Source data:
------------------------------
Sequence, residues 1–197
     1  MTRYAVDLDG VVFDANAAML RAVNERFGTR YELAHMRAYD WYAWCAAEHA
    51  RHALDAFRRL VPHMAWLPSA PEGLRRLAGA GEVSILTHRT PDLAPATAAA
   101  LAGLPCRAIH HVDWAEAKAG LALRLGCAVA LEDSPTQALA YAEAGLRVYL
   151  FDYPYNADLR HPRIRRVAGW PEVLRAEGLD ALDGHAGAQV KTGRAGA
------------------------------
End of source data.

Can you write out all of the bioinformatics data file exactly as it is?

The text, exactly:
Sequence, residues 1–197
     1  MTRYAVDLDG VVFDANAAML RAVNERFGTR YELAHMRAYD WYAWCAAEHA
    51  RHALDAFRRL VPHMAWLPSA PEGLRRLAGA GEVSILTHRT PDLAPATAAA
   101  LAGLPCRAIH HVDWAEAKAG LALRLGCAVA LEDSPTQALA YAEAGLRVYL
   151  FDYPYNADLR HPRIRRVAGW PEVLRAEGLD ALDGHAGAQV KTGRAGA